Stocks rally. The S&P 500 Index gained 4.4% last week, its best week since November, on increasing hopes for Federal Reserve (Fed) rate cuts. Friday’s weaker-than-expected May jobs report sealed the deal for financial markets, as fed fund futures are now pricing in a 99% chance of a rate cut by the end of the year. A cut does look increasingly likely, but we believe that fed fund futures markets remain too aggressive given on-going fiscal stimulus, an economy that has been growing near 3%, and a near 50-year low in the unemployment rate. However, policy uncertainty remains the biggest risk to the economic outlook, and the bond market has increasingly signaled that monetary policy may be too tight for a drawn out trade dispute.
Mexico deal. U.S. stocks continue to climb in early trading after the U.S. announced a deal with Mexico over the weekend to address immigration and border demands. Because of the agreement, the U.S. decided not to implement 5% tariffs on a swath of Mexican imports, removing a bit of trade uncertainty that has plagued global markets recently.
Cutting earnings estimates. While it’s good news that the U.S. and Mexico reached an agreement, a deal with China is unlikely until more economic pain is incurred by both China and the United States. Factoring in tariffs, ongoing trade uncertainty, and the related drag on business confidence and economic growth, we have reduced our 2019 S&P 500 earnings forecast from $172.50 per share to $170. Importantly, our forecast remains above consensus and we maintain our forecast for year-end fair value on the S&P 500 in the range of 3,000. Read more later today in our latest Weekly Market Commentary and on today’s LPL Research blog.
A record long expansion. The economic expansion just turned 10 years old, tied for the longest on record, according to the National Bureau of Economic Research. It’s only fitting with this milestone that economic skepticism is peaking once again. While policy uncertainty can be unnerving, the U.S. economy has navigated several global crises in this cycle with sound fundamentals and a measured Fed. We think both supportive factors are still in place, as we’ll explain in this week’s Weekly Economic Commentary.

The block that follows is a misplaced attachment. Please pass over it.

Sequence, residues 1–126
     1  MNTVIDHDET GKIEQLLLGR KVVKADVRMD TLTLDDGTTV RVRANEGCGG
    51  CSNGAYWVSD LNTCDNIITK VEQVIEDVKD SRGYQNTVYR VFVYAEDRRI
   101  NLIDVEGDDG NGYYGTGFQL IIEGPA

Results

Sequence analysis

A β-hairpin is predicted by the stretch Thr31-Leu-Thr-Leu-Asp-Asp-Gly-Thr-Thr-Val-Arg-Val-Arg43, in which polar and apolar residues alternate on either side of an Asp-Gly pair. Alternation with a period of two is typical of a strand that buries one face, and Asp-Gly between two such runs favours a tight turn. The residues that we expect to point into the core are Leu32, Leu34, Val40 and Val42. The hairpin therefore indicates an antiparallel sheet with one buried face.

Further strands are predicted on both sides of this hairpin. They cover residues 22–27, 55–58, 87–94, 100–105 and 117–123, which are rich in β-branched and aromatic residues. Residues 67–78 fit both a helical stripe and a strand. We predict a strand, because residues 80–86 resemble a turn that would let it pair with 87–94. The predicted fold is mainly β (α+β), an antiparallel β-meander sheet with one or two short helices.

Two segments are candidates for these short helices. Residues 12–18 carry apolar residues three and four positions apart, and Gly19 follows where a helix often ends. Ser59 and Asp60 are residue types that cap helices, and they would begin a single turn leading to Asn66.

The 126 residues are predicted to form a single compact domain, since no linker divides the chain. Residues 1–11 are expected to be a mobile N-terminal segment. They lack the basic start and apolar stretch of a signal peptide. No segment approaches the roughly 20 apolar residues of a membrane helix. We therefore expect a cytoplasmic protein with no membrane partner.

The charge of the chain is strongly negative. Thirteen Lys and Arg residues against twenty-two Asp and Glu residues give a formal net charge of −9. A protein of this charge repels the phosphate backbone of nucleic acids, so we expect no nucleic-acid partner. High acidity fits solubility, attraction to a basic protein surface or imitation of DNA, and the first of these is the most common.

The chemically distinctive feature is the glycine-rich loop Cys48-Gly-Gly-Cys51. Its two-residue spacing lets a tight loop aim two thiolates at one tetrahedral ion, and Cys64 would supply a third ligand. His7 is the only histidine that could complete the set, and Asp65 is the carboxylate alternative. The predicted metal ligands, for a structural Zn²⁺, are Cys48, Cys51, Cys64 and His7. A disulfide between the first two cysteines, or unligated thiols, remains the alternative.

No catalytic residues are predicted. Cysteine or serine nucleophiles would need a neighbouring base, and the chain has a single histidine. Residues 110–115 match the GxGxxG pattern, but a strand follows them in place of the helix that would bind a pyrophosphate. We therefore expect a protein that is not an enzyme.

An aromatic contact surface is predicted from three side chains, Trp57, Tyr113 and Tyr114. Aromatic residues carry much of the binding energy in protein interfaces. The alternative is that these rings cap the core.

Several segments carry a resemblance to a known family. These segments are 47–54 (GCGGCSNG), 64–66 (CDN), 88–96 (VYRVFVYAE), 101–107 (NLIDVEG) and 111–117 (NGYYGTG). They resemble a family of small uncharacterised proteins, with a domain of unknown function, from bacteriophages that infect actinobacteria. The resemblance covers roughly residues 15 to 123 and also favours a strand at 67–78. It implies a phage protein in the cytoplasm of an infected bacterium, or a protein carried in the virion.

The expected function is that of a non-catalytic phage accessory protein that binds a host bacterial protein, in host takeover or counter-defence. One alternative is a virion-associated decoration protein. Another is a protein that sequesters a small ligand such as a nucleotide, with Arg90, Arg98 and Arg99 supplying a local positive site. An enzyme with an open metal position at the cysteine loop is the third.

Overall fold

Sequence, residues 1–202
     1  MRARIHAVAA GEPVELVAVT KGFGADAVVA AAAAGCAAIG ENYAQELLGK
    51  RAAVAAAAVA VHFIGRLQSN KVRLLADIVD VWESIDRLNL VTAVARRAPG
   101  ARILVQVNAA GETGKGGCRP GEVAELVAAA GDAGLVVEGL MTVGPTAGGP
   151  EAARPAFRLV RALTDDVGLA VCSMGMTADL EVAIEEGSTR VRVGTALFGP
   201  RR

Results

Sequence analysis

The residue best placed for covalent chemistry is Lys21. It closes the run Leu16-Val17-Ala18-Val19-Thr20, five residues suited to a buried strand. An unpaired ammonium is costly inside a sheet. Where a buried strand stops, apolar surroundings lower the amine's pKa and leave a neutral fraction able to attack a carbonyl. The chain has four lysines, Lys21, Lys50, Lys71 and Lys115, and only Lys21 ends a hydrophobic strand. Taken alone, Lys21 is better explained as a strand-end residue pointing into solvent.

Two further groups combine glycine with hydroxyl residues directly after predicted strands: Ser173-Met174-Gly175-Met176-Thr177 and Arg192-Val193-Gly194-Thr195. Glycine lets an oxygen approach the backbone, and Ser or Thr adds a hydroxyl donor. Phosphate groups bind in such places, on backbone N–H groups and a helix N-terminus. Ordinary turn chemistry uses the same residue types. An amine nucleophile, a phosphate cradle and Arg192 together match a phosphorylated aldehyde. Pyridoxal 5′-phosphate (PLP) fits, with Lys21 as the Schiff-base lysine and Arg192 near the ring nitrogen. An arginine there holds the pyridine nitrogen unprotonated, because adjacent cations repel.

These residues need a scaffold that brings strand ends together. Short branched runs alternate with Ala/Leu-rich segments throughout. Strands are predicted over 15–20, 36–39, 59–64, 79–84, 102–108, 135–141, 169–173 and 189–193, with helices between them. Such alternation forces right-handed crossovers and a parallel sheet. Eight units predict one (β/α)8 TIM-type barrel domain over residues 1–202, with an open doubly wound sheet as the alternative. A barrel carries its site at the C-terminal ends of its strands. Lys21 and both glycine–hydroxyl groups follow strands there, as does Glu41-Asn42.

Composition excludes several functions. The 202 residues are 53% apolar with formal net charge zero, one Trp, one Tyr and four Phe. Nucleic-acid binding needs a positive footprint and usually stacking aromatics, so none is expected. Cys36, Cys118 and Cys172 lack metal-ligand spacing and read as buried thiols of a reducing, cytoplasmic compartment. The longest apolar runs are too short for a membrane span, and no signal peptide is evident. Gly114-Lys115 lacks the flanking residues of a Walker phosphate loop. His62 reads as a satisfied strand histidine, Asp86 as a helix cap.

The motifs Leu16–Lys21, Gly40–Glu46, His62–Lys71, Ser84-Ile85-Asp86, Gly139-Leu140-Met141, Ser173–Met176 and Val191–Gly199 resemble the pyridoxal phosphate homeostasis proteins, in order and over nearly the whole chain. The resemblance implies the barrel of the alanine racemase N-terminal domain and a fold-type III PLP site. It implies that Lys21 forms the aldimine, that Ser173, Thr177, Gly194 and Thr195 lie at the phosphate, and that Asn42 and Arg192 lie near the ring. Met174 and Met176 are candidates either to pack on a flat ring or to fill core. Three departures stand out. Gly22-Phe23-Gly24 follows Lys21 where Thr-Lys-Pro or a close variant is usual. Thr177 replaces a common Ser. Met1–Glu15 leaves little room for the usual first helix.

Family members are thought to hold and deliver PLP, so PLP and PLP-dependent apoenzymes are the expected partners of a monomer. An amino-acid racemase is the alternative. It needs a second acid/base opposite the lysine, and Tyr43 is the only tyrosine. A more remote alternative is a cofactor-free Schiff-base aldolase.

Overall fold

The week ahead. The week ahead includes several key economic announcements, with the U.S. docket headlined by the National Federation of Independent Business Small Business Optimism Index, along with Consumer Price Index (CPI) and Producer Price Index (PPI). Overseas, several important trade barometers are slated for release from China, which could give some clues to the outlook for future trade negotiations. Track these and other important events on our Weekly Global Economic & Policy Calendar.
- JOLTS Job Openings Report (Apr); LP: 7488
- UK Industrial Production (Apr)
- China Trade Balance (May)
- China Exports (May)
- China Imports (May)
- NFIB Small Business Optimism Index (May); LP: 103.5
- PPI Report (May); Cons: 0.1%, LP: 0.2%
- Japan PPI Report (May)
- China CPI Report (May)
- China PPI Report (May)
- CPI Report (May); Cons: 0.1%, LP: 0.3%
- Import Price Index (May); Cons: -0.3%, LP: 0.2%
- Export Price Index (May); LP: 0.2%
- Initial Jobless Claims (Jun. 8); LP: 215K
- Germany CPI Report (May)
- Eurozone Industrial Production (Apr)
- China Industrial Production (May)
- China Surveyed Jobless Rate (May)
- Retail Sales (May); Cons: 0.6%, LP: -0.2%
- Industrial Production (May); Cons: 0.2%, LP: -0.5%
- University of Michigan Sentiment Index (Preliminary, Jun); LP: 100
- Japan Industrial Production (Apr)
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